Author: Kathryn A. Walker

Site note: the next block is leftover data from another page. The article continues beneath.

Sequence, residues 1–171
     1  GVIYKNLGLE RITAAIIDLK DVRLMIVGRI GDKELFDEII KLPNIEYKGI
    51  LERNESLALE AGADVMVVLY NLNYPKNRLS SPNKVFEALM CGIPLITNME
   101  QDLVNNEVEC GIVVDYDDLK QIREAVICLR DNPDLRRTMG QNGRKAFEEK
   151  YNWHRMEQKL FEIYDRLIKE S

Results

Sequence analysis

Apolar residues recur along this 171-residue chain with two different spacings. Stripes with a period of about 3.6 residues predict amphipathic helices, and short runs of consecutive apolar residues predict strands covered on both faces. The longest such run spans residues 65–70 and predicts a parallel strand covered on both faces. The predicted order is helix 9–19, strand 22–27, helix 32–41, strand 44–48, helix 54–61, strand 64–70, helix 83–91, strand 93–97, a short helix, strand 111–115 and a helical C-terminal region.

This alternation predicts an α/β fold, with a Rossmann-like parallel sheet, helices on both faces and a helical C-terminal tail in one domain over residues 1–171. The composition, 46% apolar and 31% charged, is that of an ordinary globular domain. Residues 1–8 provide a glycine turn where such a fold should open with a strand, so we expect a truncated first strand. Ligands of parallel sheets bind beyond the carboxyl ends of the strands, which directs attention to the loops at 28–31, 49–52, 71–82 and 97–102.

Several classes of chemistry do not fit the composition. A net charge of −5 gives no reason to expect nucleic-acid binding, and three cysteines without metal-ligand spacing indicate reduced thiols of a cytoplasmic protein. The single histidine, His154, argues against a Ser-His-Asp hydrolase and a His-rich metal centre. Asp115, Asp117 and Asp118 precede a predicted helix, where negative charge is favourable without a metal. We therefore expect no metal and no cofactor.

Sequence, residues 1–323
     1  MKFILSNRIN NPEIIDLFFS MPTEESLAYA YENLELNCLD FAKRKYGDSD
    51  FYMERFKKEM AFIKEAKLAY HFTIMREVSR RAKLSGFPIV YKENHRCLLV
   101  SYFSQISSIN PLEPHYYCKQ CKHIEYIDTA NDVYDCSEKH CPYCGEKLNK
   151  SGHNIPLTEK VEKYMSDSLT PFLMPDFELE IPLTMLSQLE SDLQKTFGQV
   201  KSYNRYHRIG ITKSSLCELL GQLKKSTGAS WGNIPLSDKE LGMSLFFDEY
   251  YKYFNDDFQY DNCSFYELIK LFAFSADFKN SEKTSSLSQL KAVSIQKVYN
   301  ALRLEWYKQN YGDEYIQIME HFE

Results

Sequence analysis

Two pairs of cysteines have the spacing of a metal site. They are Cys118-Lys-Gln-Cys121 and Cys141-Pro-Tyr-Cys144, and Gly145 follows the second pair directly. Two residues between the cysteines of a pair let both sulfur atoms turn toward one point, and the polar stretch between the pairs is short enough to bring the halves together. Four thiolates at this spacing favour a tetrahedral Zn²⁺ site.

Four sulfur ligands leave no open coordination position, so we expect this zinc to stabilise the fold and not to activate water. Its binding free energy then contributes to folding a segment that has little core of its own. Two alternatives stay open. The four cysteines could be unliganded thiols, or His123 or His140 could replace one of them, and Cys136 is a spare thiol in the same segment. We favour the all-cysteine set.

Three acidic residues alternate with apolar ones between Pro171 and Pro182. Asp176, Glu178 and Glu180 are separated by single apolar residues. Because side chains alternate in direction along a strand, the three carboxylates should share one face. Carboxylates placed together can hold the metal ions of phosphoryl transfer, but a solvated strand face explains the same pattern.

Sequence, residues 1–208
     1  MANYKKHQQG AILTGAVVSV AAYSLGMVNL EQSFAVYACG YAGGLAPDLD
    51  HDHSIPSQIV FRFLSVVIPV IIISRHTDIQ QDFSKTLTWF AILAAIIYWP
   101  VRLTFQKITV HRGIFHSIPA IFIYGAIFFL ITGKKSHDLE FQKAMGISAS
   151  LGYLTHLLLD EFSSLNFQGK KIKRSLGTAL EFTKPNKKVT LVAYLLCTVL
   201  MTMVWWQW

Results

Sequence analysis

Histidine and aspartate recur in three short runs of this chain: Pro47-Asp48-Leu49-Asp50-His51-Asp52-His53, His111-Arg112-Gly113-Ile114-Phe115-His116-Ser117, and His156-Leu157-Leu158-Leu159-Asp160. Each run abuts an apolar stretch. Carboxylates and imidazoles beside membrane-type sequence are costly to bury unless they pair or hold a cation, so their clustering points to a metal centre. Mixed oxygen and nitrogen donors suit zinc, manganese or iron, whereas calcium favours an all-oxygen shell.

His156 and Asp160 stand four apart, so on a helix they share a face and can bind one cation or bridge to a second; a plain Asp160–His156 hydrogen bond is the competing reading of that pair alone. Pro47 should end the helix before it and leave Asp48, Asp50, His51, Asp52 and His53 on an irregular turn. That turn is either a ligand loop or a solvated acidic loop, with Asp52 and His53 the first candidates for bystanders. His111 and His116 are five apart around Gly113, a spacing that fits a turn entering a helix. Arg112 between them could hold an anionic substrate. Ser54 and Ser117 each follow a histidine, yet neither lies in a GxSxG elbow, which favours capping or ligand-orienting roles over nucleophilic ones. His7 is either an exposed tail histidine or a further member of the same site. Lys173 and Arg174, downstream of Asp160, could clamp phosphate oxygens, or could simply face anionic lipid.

The cannabinoid system is just beginning to be explored and exploited in the pain world and neuropathic pain is what comes to mind a lot when people think of using medical marijuana. We have good data showing that an inhaled cannabinoid will help with pain, particularly neuropathic pain. It helps with nausea, helps with anxiety. We have some approved pharmaceutically elegant preparations that work on the cannabinoid system that people can take as pills. Also in Canada you can use Sativex as a sublingual spray. But smoking THC or marijuana does seem to have some benefits that you don’t always get with a pill. However, there are significant side effects, and generally speaking it’s not going to be a first-line treatment option. Most pharmacists have a big concern that this is being used as a medication but that there’s no standardization. Even in states like California that have dispensaries, these are not being done by licensed clinicians. If this is going to be used as a real clinical tool, then it has to meet the same standards as other clinical tools. It must be dispensed, procured, and given out in the same way that other clinical medications are being managed to keep patients safe, which is our first responsibility as clinicians.
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